In addition to drawings, Schwabe also defined sunspot groups for each day. Rudolf Wolf, who used Schwabe as the primary observer from 1826 to 1847, listed the number of spots and groups for almost each day from Schwabe notes. To estimate the relation between Schwabe’s group definition and the one Rudolf Wolf presumably had, we compared Schwabe’s groups to those defined by Rudolf Wolf during the same time period (Wolf 1850). Out of all the 8401 days when comparison is possible, there were only 19 cases when Schwabe had assigned one group more than Wolf, and 25 cases, when it was one group less. Considering the small number (0.5%) of differing assignments, it is obvious that Wolf and Schwabe had a very similar perception on the definition of sunspot groups, and these assignments can be used in further calculations. We note that their definition is slightly different from the modern definition of sunspot groups, but this does not affect the results, since the Schwabe and Wolf numbers are compared to each other and not calibrated with today’s values.

Using Schwabe’s definition of the groups and individual spots, we computed analogs of the WSN and GSN series based solely on Schwabe’s data. The daily WSN-S and GSN-S were calculated by means of Eqs. (1) and (2), respectively, using the daily numbers of spots and groups defined in Schwabe’s data. The correction factors k were set to unity. The monthly averages were acquired by calculating mean values of WSN-S and GSN-S from the daily data, and the annual averages by calculating mean values of the monthly data. The resulting annual means of WSN-S and GSN-S are shown in Fig. 1c and d.

We note that the accuracy of Schwabe’s observations gradually changed during the first ten years of his observations most likely because of the changing drawing style. For example this can be observed from Fig. 2, where the mean size of spots drawn by Schwabe is shown as function of time. During 1826–1835, he mostly plotted large spots, while he also recorded spots of smaller size homogeneously after ca. 1835. For whatever reason, this suggests that many small spots might have been left unnoticed before 1835. This consequently reduces the WSN values compared to GSN at this time, since the number of sunspot groups can be identified more robustly. Therefore, we limit ourselves to the period of 1835–1867, when Schwabe’s series is homogeneous, for the present analysis.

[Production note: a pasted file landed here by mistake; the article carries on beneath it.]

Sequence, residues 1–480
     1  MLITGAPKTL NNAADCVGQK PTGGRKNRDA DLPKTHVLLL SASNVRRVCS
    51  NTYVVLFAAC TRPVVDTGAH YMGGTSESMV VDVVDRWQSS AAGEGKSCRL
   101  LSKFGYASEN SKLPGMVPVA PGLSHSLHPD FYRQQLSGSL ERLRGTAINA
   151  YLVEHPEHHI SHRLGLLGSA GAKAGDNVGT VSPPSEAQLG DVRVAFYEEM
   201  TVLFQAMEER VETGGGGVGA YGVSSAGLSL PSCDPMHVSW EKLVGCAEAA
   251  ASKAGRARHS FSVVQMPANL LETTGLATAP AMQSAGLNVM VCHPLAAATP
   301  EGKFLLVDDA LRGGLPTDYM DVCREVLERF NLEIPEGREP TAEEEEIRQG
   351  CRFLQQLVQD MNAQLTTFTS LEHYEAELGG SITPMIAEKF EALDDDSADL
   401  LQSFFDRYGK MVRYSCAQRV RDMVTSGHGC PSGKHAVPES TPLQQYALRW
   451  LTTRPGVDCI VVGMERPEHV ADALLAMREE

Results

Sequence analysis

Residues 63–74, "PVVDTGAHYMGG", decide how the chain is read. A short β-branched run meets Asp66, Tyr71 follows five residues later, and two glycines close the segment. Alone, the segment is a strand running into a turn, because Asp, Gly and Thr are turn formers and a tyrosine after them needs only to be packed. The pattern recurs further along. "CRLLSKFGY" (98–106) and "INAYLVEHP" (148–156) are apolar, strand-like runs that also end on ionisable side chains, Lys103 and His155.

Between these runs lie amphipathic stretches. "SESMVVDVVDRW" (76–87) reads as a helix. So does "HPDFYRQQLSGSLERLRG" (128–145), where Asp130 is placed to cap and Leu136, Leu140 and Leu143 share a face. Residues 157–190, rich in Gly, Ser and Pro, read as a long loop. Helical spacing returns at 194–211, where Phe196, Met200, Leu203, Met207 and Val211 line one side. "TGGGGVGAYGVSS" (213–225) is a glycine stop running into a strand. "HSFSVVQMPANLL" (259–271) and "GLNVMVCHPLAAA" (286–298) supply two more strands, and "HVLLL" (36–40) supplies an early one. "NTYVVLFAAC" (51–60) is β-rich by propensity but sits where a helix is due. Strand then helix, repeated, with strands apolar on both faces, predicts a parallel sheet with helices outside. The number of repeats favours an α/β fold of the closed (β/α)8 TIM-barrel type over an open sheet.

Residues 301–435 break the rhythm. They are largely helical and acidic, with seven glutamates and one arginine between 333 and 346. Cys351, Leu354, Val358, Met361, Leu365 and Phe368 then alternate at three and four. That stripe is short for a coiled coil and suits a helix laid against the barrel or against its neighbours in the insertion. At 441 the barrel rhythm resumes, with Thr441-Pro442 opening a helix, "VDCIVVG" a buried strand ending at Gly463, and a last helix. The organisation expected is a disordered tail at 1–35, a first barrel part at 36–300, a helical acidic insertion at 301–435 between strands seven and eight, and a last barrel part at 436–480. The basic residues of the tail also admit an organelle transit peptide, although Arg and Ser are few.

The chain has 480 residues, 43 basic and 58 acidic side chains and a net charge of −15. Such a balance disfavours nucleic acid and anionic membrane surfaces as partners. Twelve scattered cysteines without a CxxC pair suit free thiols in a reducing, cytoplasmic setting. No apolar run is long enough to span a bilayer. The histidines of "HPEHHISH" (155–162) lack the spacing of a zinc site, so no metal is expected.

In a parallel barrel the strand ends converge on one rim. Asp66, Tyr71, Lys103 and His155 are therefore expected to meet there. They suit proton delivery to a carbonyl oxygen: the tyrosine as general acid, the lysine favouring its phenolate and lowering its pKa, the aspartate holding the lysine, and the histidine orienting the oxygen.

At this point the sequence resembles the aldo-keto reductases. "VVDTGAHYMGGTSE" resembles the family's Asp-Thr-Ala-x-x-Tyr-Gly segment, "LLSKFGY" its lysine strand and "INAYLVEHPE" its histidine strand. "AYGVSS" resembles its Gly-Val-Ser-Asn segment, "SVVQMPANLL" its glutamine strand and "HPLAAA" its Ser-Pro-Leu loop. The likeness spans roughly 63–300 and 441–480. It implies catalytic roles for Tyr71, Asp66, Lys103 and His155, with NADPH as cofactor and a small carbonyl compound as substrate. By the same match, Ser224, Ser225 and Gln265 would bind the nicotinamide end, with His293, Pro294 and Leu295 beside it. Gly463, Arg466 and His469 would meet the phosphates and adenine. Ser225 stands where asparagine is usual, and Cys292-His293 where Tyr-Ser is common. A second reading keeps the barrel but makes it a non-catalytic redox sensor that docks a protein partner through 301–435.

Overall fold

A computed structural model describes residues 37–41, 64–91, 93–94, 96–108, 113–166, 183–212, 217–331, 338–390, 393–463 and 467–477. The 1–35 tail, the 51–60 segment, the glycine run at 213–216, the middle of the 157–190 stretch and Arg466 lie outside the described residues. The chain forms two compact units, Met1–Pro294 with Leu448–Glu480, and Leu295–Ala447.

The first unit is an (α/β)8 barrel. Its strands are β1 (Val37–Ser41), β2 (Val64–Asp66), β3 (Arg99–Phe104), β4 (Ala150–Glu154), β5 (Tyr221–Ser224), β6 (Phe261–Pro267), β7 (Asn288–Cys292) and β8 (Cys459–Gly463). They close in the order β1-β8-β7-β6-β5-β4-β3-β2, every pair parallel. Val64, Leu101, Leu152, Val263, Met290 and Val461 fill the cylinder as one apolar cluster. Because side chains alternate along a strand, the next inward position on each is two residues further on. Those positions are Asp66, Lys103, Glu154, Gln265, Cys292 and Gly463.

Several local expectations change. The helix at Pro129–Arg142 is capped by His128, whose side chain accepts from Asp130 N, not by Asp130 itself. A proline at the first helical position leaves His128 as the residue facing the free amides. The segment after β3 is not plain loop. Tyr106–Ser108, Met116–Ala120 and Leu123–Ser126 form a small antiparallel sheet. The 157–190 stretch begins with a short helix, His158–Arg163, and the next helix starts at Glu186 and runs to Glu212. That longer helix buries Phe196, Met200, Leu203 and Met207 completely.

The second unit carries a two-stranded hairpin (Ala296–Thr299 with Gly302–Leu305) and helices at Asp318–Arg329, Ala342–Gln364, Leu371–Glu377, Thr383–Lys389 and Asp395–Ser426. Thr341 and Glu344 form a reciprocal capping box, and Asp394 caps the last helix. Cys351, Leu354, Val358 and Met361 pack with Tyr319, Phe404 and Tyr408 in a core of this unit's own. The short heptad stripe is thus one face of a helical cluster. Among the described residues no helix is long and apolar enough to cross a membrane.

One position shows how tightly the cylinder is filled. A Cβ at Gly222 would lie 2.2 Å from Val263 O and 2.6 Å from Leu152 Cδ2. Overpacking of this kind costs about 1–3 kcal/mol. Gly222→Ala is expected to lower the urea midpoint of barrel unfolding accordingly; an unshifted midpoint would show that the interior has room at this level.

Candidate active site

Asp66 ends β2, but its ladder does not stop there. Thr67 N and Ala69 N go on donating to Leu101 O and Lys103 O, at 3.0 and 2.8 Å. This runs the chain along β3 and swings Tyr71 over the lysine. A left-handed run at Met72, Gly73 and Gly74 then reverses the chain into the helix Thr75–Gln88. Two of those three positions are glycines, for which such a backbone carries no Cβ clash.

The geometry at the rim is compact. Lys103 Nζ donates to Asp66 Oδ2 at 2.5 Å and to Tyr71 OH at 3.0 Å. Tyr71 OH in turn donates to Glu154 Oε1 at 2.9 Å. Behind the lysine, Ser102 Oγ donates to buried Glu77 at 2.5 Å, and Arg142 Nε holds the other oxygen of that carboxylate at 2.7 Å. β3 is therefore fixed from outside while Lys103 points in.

thumbnail Fig. 2

Mean size (in arbitrary units used during the digitization) of sunspots drawn by Schwabe.

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3. Comparing different sunspot numbers

Here, we compare the (annual values of) sunspot series as defined in Sect. 2, by analyzing their ratios to get rid of the scaling ambiguity. To avoid large uncertainties related to division of small numbers, we omitted the years when the corresponding annual sunspot number in either series is smaller than 10. The ratios are shown in Fig. 3.

thumbnail Fig. 3

Ratios of the annual sunspot numbers: a) the ratio of WSN to GSN; b) the ratio of WSN-S to GSN-S; c) the ratio of WSN to WSN-S; d) the ratio of GSN to GSN-S. The vertical dashed line indicates the period when R. Wolf started his observations. Horizontal dotted lines depict the mean ratios before and after that date. Details of statistics are collected in Table 1.

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Table 1

Mean ratios, along with standard error, of different annual series (see Fig. 3) before and after 1848, for their difference D and for the significance level s at which the null hypothesis of the constant ratio can be rejected.

3.1. WSN vs. GSN

First, we compare the two official series, WSN and GSN. The ratio of the official Wolf sunspot numbers and the official group sunspot numbers is shown in Fig. 3a. A jump in the ratio is apparent around 1848, when the primary observer of the WSN series had changed from Schwabe to Wolf. The jump from 1.35 to 1.19 is significant at the level of 5    ×    10-4 (see Table 1, Col. 2). This indicates that the WSN and GSN series are mutually inconsistent but cannot verify the consistency of either series.

3.2. WSN-S vs. GSN-S

Next, we analyze the ratio of WSN-S to GSN-S (Fig. 3b and third column in Table 1). Both series are based solely on Schwabe’s data and thus their ratio is expected to be stable. One can see, however, that there is a small difference likely related to the detection of small spots by Schwabe in the early part of the period, as discussed in Sect. 2.3 (Fig. 2). Otherwise, the ratio is perfectly smooth with a small tendency to decrease slightly around solar minima, which is probably because of the smaller size of spots.

3.3. WSN vs. WSN-S

The ratio between WSN and WSN-S is shown in Fig. 3c and in the fourth column in Table 1. A sudden and highly significant jump is apparent at 1848–1849, exactly at the time when the primary observer of the WSN series switched from Schwabe to Wolf. This suggests that the WSN series suffers a calibration problem in the middle of the 19th century. The jump is highly significant (see Table 1).

3.4. GSN vs. GSN-S

The ratio of GSN to GSN-S is shown in Fig. 3d and in the fifth column in Table 1. It appears nearly constant throughout the entire period, confirming the homogeneity of the GSN series in the studied time interval.

4. Discussion